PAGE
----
Gov. Cuomo Must Face Criminal Probe Into Latest Sexual Assault Claim

The only question that remains unanswered is whether Gov. Cuomo will be criminally charged

/
3
Gov. Cuomo

If it is true that Gov. Andrew Cuomo reached under the blouse of a female employee and groped her without consent it would constitute a crime under New York law.  Unwanted sexual contact falls under the broad category of sexual assault.

The Albany County district attorney must now open a criminal investigation.  In addition, the current probe by the New York attorney general must scrutinize the latest evidence in the context of sexual assault laws.  If the allegation has merit and the accuser is credible, Cuomo should be criminally charged and face trial.

The appalling complaint by a sixth accuser, as reported by the Albany Times Union, suggests not only a pattern of sexual harassment by the governor but a level of offensive conduct that appears to have crossed the legal line into felonious behavior.

The woman, whose identity has not been disclosed, is a member of the executive chamber staff.  She reportedly told her female supervisor that Cuomo summoned her to the Executive Mansion in Albany last year, saying he needed assistance with his cellphone.  Once there in his private residence, the woman says that the governor closed the door, lifted her blouse and aggressively fondled her in a sexually charged manner.

The alleged victim, who is considerably younger than Cuomo, says she told him to stop.  But it was not the first time.  She claims he had touched her before and was frequently flirtatious.  Cuomo has denied the allegations.

The only question that remains unanswered is whether Gov. Cuomo will be criminally charged.

Yet, another of Cuomo’s accusers, 25-year old Charlotte Bennett, has said that he used the exact same ploy on her.  Through her attorney, she issued a statement saying that the governor asked her to come to his office in the Capitol one weekend to help him with his cellphone.  Once alone, she claims that he questioned her about her sex life and propositioned her.

A total of six women have come forward accusing Cuomo of nonconsensual kissing, inappropriate touching, and sexual harassment.  Five of the alleged incidents happened in the workplace.  But the latest may pose the most serious potential for criminal charges against Cuomo because the standard two-year statute of limitations has not run.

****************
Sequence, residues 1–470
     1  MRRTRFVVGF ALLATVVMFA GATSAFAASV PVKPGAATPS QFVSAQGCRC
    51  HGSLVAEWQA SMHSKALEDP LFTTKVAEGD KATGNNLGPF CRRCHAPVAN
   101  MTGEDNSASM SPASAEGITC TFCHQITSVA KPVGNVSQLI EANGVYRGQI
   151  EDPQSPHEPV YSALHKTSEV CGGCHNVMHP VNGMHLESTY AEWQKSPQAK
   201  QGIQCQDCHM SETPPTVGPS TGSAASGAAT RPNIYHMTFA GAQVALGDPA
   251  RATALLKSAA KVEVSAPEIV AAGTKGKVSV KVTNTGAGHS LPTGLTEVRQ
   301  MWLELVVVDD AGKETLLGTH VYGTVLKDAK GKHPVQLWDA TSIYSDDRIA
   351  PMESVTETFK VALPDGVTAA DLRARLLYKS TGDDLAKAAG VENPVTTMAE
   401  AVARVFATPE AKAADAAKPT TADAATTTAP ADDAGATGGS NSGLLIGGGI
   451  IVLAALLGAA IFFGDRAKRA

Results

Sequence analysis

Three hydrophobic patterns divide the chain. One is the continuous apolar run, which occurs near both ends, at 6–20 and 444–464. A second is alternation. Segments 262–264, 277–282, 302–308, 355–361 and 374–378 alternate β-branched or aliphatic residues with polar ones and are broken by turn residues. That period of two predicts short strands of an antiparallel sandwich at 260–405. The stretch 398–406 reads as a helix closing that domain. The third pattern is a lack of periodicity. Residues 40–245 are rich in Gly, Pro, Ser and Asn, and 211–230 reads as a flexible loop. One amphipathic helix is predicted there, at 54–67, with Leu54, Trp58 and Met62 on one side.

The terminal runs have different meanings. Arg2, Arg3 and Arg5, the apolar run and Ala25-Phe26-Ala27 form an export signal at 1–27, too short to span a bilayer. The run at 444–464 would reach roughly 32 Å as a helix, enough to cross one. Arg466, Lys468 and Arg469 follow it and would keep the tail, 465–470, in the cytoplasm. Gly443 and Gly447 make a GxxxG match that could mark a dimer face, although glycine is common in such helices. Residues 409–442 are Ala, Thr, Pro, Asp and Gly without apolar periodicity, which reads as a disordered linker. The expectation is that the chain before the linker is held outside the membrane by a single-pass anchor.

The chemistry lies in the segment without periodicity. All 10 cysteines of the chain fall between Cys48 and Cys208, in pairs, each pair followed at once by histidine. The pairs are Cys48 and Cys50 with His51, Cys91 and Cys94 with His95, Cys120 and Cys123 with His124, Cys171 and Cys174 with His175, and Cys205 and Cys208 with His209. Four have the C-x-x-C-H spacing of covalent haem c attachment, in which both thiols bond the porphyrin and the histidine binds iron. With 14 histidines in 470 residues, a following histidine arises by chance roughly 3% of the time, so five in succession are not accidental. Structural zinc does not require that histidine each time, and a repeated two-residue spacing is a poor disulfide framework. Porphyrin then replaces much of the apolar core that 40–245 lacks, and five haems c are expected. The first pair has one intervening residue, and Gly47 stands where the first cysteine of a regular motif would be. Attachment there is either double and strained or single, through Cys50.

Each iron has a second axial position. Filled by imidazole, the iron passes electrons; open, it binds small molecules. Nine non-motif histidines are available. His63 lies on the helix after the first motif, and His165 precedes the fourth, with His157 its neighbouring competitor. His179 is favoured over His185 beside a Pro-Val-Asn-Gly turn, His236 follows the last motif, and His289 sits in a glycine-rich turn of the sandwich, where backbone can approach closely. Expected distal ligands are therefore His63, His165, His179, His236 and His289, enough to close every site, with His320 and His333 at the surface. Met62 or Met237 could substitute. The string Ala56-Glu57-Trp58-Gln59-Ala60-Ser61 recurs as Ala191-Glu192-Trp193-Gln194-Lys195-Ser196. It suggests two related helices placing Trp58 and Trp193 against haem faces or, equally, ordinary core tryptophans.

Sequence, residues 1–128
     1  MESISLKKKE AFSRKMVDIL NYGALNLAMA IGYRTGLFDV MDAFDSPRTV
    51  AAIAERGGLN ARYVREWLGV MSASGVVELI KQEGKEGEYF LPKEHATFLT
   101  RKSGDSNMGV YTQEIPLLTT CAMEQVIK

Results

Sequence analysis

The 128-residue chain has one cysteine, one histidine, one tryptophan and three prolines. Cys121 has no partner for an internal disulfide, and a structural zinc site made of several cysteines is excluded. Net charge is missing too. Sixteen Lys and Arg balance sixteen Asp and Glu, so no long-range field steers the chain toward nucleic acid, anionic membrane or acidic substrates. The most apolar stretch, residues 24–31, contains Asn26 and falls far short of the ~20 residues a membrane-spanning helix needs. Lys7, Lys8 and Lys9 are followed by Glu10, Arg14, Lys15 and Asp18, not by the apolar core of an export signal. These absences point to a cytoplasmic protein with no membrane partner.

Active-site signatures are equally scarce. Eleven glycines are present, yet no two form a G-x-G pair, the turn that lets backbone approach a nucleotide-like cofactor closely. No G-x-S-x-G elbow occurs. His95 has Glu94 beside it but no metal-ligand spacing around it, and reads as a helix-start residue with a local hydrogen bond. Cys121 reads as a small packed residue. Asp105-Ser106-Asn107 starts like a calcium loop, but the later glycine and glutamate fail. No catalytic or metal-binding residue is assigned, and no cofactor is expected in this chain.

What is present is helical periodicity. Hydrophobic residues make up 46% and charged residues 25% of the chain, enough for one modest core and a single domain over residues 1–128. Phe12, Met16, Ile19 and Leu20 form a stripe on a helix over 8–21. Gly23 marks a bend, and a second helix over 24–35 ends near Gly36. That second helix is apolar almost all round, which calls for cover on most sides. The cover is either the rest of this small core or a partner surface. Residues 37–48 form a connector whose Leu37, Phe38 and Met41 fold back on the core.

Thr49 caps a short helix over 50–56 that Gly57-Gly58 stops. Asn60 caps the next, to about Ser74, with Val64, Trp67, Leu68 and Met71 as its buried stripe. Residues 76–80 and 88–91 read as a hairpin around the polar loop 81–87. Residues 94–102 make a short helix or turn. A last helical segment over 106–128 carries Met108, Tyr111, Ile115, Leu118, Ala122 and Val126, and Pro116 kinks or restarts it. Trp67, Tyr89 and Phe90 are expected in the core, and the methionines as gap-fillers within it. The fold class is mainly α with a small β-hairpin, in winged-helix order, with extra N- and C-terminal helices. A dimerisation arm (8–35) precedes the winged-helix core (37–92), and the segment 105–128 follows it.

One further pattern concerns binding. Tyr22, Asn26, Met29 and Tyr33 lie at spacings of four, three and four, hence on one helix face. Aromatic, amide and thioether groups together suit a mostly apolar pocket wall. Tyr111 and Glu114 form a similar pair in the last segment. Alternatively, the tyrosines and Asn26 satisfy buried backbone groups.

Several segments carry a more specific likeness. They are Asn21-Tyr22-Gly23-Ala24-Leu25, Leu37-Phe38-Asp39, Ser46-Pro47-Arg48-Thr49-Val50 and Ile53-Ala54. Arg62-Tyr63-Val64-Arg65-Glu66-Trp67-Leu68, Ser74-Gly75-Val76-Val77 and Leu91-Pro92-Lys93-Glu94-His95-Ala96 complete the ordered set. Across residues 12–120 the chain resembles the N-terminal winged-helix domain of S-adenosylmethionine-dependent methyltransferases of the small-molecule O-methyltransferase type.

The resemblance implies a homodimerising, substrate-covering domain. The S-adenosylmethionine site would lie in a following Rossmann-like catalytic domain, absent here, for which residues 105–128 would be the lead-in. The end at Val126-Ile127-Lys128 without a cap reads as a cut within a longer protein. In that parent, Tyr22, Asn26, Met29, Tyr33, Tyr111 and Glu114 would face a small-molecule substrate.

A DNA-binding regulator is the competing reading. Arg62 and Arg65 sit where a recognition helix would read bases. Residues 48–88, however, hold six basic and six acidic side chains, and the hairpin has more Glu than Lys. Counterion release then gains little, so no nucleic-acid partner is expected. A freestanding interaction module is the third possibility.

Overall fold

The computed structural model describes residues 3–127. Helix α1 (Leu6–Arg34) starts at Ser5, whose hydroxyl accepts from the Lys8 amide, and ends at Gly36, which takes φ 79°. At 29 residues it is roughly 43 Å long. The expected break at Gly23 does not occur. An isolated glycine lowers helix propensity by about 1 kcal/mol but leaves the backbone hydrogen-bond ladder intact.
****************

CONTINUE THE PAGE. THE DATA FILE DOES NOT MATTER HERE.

Under New York’s penal code section 130.52, it is a crime to “forcibly touch the sexual or other intimate parts of another person” against their will.  The statute is very specific.  It identifies groping or fondling as criminal.  It is forcible if it is unwanted.  This kind of illegal behavior is precisely what the sixth accuser has described.  It would also constitute the crime of harassment as defined by state law.

The accounts of a half a dozen accusers who have bravely stepped forward to paint a vivid picture of a governor as a sexual predator who exploited his power to prey on women.  His despicable response is to blame the victims —it’s their fault for “misinterpreting it as unwanted flirtation.”  Cuomo claimed he was just “being playful.”  At one point, he even blamed his father, as if learned behavior somehow makes it okay.  Assaulting a woman is no more permissible because someone else did it.

Cuomo’s lame excuses, insipid rationalizations, and anemic denials won’t cut it in a court of law where facts and evidence prevail.  Yes, it is difficult to prove a sexual assault case absent an independent eyewitness.  But testimony by a competent witness-victim is sufficient evidence on its own.  This is especially true where there are other victims who can establish a pattern of conduct by the defendant, as we saw in the conviction of Harvey Weinstein.

Allegations, of course, are not proof of guilt.  The governor is entitled to the due process that he now demands, even though he never afforded it to anyone else.  When issues of sexual harassment or assault were raised against others, he promptly pronounced them guilty without due process.  For example, Cuomo called the accusations against Supreme Court nominee Brett Kavanaugh presumptively true, all but calling him a rapist.  By his own standard, the governor should presume himself guilty.

Cuomo has always had a reputation as a bully and a political thug who menaced people with intimidation and threats.  Now, he’s under federal investigation for allegedly falsifying data in a suspected cover-up of thousands of nursing home deaths.  But the stories of sexual harassment and unwanted fondling surely constitute the final paragraph in Cuomo’s political obituary.  He’ll never hold public office again.  He’s finished.

The only question that remains unanswered is whether Gov. Cuomo will be criminally charged.